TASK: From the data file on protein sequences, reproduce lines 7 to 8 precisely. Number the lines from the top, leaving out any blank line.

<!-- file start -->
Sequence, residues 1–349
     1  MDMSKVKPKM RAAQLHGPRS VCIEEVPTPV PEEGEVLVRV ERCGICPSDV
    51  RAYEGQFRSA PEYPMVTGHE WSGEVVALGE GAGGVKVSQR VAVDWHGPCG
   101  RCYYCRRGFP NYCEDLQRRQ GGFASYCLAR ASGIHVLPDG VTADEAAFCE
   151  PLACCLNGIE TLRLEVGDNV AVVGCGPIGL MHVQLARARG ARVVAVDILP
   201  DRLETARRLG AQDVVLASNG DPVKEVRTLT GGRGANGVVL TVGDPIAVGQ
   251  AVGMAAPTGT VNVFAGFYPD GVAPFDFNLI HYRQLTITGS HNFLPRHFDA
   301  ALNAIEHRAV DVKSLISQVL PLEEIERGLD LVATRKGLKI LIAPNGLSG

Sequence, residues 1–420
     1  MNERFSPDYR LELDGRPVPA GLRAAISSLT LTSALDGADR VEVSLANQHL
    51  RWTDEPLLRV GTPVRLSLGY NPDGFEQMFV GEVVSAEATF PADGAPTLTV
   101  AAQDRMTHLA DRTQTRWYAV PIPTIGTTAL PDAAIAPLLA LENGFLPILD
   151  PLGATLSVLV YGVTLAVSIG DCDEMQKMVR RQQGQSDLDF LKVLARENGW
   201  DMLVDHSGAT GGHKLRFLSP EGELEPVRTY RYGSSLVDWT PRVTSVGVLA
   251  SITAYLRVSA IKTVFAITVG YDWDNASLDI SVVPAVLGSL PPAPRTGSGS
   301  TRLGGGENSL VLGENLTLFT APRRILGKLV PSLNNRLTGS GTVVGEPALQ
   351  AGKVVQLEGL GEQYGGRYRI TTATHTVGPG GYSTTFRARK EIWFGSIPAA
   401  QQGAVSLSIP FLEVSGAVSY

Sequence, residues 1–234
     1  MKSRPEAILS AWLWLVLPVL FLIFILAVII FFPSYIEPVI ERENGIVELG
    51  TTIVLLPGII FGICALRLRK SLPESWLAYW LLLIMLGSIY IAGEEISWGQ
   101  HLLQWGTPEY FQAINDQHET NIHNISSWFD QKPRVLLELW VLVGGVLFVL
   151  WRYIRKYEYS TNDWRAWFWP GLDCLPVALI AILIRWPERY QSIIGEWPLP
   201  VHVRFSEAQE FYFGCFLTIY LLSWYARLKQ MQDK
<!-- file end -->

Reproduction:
   251  AVGMAAPTGT VNVFAGFYPD GVAPFDFNLI HYRQLTITGS HNFLPRHFDA
   301  ALNAIEHRAV DVKSLISQVL PLEEIERGLD LVATRKGLKI LIAPNGLSG